Tag Archives: biology

What does it mean to be human?


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Have you ever wondered what makes us different from other animals? Why Homo sapiens appear to dominate the earth, altering the landscape and using vast amounts of energy compared to other species? The story might have began around six million years ago, when the primate lineage between humans and chimpanzees branched; in other words, we didn’t evolve from chimpanzees, they are like distant cousins, with a common ancestor six million years ago. A recent non-fiction book by psychologist Thomas Suddendorf, “The Gap – The science of what separates us from other animals” distills two traits that appear to account for most of the ways in which our minds appear quite different from other animals – the ability to cast our mind back and forward, imagining different scenarios and our drive to communicate with others, linking our minds together. I have only just started it, but so far it is fascinating and easy to read.

On Monday we had another terrific Polycom session with Tony and Frazer from the Gene Technology Access Centre. The session focussed on the characteristics of seven fossil skulls – in fact, half-scale models of skulls, including:

  • Homo sapiens (human)
  • Homo habilis
  • Homo erectus
  • Homo neanderthalensis
  • Australopithecus afarensis (also known as ‘Lucy’)
  • Gorilla gorilla
  • Pan troglodytes (chimpanzee)

We looked carefully at the models and tried to order and classify them based on the following characteristics:

  • Presence or absence of pronounced canine teeth
  • Presence or absence of a sagittal crest (presence indicates exceptionally strong jaw muscles)
  • Protruding jaw
  • Brow ridges (subtle or pronounced)
  • Presence of temporal lines
  • Cranium capacity (an indication of brain size – measured in millilitres)
  • Location of the foramen magnum – where the spinal cord passes through the skull to attach to the brain (using a ratio) – this indicates if the specimen is quadrupedal or bipedal.

If we consider the Homo sapien skull to be most advanced, it appears that the brain case has increased in size and become smoother, with a more rounded forehead and the face has become flattened, with a less pronounced jaw.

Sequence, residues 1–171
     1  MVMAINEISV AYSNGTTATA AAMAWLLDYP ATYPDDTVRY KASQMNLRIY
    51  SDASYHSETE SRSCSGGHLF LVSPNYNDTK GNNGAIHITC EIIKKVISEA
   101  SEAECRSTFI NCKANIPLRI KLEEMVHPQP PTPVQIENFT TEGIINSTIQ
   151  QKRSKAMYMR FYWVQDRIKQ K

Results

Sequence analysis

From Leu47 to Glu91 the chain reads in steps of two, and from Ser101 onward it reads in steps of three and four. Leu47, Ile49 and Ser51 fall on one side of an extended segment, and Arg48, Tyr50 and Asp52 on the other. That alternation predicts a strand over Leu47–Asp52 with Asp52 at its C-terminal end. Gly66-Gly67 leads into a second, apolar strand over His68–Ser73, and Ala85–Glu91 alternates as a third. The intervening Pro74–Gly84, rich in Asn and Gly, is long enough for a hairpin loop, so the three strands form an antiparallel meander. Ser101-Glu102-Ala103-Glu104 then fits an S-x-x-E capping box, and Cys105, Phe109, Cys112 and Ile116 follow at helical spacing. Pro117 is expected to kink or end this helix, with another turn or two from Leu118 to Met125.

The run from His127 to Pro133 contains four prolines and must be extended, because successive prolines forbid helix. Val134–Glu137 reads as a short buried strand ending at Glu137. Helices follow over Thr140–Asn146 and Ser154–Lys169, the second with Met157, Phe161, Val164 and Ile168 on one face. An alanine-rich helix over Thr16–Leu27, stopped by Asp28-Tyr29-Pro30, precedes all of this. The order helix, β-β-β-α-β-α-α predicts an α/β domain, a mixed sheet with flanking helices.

Class of 2011


These are the five lovely students in our Year 11 Biology Class this year.  We are starting with Unit 1:  Cells in Action. In addition to completing the Chapter 1 Review questions we will be doing the following activities:

Use the iPod Touch app “iCell” by HudsonAlpha Institute for Biotechnology to review the structure and function of organelles within plant, animal and bacterial cells.

Use the “Cells Alive” website to learn about the relative sizes of different objects veiwed under a microscope, as well as the study the models of plant, animal and bacterial cells. Biology Corner has an excellent website, with an internet lesson and worksheet that can be printed. You will look at computer models of cells, learn the functions and the descriptions of the cells and their components.

What is Ecological Succession?


What is ecological succession? This is the answer from Rolcam at the Ask Me Help Desk.

“Changes in communities occur over time in a process called ecological succession. This process occurs as a series of slow, generally orderly changes in the number and kinds of organisms that live in an area take place. Differences in the intensity of sunlight, protection from wind, and changes in the soil may alter the kinds of organisms that live in an area. These changes may also alter the number of populations that make up the community. Then, as the number and kinds of species change, the physical and chemical characteristics of the area undergo further changes. The area may reach a relatively stable condition called the climax community, which may last hundreds or even thousands of years. ”

The first plants that germinate in an area are called ‘pioneers’ and are usually grasses or ground covers. Weeds are effective pioneers on roadside verges for example, where they colonise bare round and provide shelter for other plants to grow.

“Ecologists distinguish two types of succession–primary and secondary. In primary succession, organisms begin to inhabit an area that had no life, such as a new island formed by a volcanic eruption. Secondary succession takes place after an existing community suffers a major disruption–for example, after a climax forest community is destroyed by fire. In this example, a meadow community of wild flowers and grasses will grow first, followed by a community of shrubs. Finally trees will reappear, and the area will eventually become a forest again. Thus, the forces of nature ultimately cause even climax communities to change.”

Do the following situations demonstrate primary or secondary succession?

  • Growth of grass trees after an intense bushfire in the Grampians National Park
  • Pisonia sp. forest that grows on a coral cay, Heron Island on the Great Barrier Reef
  • Open Acacia and Eucalyptus woodland that grows after volcanic action at Mt Eccles National Park
  • Sand dune vegetation that grows at Griffith’s Island, Port Fairy
  • Fern forest growing after glacier action in New Zealand


Melbourne Museum - Wild Exhibit

Image Source Wild Display at the Melbourne Museum.